Hosta 'Gold Standard' thrives in the shade of tall trees.
William P. Wright
FOUR GREAT IDEAS FROM THIS GARDEN
Plant a succession of blooms
In April, this garden is colored with bluebells, camellias, daffodils, epimediums, goat's beard (Aruncus aethusifolius), a saucer magnolia, and violets. A month later, main-season rhododendrons share the stage with callas, forget-me-nots, and Siberian irises. By June, it's all daylilies, hydrangeas, Japanese irises, and white valerian.
Take advantage of wet soil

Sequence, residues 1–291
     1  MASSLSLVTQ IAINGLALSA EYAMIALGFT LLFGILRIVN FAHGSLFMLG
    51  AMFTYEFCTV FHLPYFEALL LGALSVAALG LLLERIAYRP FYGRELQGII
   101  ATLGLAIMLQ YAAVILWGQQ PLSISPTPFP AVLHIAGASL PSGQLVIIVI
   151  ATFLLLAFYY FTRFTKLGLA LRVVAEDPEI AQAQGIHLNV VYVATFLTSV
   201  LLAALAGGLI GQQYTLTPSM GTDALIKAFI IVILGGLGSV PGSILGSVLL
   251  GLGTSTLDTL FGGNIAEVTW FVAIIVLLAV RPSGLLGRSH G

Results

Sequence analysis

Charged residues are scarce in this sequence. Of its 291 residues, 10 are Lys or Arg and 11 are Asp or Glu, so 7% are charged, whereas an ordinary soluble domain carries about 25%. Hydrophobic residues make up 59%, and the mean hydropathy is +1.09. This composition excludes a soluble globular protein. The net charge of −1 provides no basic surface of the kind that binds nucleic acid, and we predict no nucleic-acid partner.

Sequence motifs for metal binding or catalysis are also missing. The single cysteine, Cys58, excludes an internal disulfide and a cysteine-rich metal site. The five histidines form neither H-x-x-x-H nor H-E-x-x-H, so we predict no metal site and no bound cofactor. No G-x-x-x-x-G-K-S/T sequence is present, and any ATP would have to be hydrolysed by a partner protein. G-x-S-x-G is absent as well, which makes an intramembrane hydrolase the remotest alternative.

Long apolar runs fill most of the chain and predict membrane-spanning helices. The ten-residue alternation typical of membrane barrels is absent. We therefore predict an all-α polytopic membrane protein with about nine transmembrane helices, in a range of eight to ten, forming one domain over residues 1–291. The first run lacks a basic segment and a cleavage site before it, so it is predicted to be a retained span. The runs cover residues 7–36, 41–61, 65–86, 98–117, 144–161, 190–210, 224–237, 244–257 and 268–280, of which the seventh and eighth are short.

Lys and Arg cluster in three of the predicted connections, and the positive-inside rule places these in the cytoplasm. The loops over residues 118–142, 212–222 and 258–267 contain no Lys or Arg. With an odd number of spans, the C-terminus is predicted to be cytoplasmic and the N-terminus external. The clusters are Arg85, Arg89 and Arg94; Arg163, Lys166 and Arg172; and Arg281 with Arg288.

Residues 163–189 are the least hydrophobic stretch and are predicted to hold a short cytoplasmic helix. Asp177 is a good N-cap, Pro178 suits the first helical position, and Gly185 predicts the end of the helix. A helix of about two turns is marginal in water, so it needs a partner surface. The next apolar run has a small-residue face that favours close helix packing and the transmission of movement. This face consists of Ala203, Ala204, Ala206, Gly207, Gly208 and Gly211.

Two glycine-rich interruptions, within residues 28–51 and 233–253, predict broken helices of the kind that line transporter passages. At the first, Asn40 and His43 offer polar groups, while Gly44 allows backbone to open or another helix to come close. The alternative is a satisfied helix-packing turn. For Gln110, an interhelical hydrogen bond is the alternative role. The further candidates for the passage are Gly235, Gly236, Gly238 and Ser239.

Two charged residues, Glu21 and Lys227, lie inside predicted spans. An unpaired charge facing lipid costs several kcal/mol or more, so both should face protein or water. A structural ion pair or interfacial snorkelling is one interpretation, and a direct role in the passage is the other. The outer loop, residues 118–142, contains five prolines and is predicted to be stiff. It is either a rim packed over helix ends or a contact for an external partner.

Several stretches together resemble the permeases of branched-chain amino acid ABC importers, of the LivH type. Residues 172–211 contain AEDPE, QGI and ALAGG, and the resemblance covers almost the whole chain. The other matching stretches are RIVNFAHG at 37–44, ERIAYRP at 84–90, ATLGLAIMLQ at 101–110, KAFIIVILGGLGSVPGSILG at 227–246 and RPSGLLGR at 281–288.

After clearing the blackberries, Karen found a large natural damp area – not uncommon in Northwest gardens. That's where she planted water-loving perennials such as globeflowers (Trollius chinensis), Ligularia, Rodgersia, and umbrella plants (Darmera peltata). Standard white callas and Japanese irises also do well in damp soil.
Use the slope
Because the driveway follows the contour of the land, the property doesn't seem as steep as it is. But viewed from both the street and driveway, the slope serves as a giant easel for flowering shrubs and perennials.
Weed and feed in one step
Every other February, the Steebs spread a 4-inch layer of local Cedar Grove compost through the garden. It keeps down weeds, slowly feeds the plants, and minimizes the need for extra water (the garden intentionally has no irrigation system).